How to obtain the Poisson equation as used by FEATool?
I am new to modeling and simulation in general and am trying to find the modes of an acoustic resonator including dissipative effects and thermal conductivity. I am using the Poisson equation as given in FEATool by
dts_poi*p' - d_poi*(px_x + py_y + pz_z) = f_poi
with dts_poi as the time scaling coefficient, d_poi as the diffusion term, and f_poi the source term, set to 0. I have tried at length to figure out how this equation is obtained, or even the Helmholtz equation as provided in the "Resonance Frequencies of a Room" tutorial, given by
u' - (ux_x + uy_y + uz_z) = 1.
Neither one seems like a standard variational construction of the equation. I get the modes predicted but don't understand why. So how can one obtain these equations from the standard (nabla)^2 * f = x?
Re: How to obtain the Poisson equation as used by FEATool?
Thanks for the prompter than expected response! I know that the Helmholtz equation and Poisson's equation are both standard PDEs, but I don't recognize them in the state they are presented. Both equations have a time derivative included, whereas the standard formulations of the equations do not. I don't see in the Poisson's equation section of the documentation where there is any time derivative. or where the FEM formulation of Poisson's equation has to do with what's presented in the documentation. It appears to be more akin to the diffusion equation, which is related to the heat equation, as opposed to the wave equation.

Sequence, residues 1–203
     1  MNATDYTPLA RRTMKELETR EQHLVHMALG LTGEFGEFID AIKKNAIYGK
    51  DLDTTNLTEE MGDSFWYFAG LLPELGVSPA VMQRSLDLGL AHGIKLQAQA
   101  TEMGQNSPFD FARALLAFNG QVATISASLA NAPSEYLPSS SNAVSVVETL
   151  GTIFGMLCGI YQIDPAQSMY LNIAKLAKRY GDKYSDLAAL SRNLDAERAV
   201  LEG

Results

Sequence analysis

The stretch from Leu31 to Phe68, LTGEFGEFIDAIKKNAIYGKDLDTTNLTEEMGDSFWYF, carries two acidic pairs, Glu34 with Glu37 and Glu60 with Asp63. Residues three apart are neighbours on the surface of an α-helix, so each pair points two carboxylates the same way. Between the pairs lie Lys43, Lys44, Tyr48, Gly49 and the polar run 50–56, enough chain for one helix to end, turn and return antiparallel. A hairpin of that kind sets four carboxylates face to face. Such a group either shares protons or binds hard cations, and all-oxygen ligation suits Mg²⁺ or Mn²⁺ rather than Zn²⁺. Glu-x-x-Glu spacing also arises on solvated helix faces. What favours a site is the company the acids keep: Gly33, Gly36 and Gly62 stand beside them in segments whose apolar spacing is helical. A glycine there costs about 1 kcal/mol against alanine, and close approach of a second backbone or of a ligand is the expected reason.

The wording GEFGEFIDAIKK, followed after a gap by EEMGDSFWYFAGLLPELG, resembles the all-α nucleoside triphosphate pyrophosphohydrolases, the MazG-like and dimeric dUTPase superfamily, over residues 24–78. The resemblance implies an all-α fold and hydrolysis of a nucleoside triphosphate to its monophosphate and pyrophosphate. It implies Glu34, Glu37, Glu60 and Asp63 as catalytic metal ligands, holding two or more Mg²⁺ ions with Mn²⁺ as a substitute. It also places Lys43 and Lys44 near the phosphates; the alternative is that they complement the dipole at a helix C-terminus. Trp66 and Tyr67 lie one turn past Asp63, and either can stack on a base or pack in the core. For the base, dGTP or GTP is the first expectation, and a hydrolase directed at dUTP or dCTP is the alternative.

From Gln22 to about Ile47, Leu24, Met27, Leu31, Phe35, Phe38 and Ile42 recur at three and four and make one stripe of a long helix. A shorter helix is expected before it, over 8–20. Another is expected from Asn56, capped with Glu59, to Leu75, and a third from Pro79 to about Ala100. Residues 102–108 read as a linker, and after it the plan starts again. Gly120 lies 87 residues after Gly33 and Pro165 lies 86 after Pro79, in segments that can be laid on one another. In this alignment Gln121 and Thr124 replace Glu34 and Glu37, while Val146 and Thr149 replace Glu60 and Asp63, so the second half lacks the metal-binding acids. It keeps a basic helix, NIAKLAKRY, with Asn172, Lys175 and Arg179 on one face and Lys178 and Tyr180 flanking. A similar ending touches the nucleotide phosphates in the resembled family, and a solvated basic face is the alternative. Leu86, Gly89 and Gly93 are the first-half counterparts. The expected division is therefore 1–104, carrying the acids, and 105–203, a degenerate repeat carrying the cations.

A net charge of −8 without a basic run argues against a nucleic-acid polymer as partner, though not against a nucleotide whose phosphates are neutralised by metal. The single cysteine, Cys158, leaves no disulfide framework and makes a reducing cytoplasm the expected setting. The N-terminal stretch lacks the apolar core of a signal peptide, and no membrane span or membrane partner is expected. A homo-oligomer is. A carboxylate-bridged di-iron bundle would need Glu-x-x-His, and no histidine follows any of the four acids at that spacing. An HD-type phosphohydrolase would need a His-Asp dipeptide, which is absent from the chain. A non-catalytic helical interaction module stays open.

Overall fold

Both me and my research advisor have spent a long while trying to figure it out, to no avail. Any light you can shed would be greatly appreciated.
Since my last response I have learned a lot about FEM formulations of equations. Even so, the time derivative in the Helmholtz equation continues to elude both me and my RA. Please, either reference the derivation you used for the Helmholtz/Poisson equation or explain why the time derivative presents in your usage of the Helmholtz equation. I'm using your (very robust) software for my thesis. There's an excellent chance the modeling I've done in your program will be published, and time is running out very quickly to understand exactly what's being done here to produce such compelling results. Any light you could shed would be much appreciated.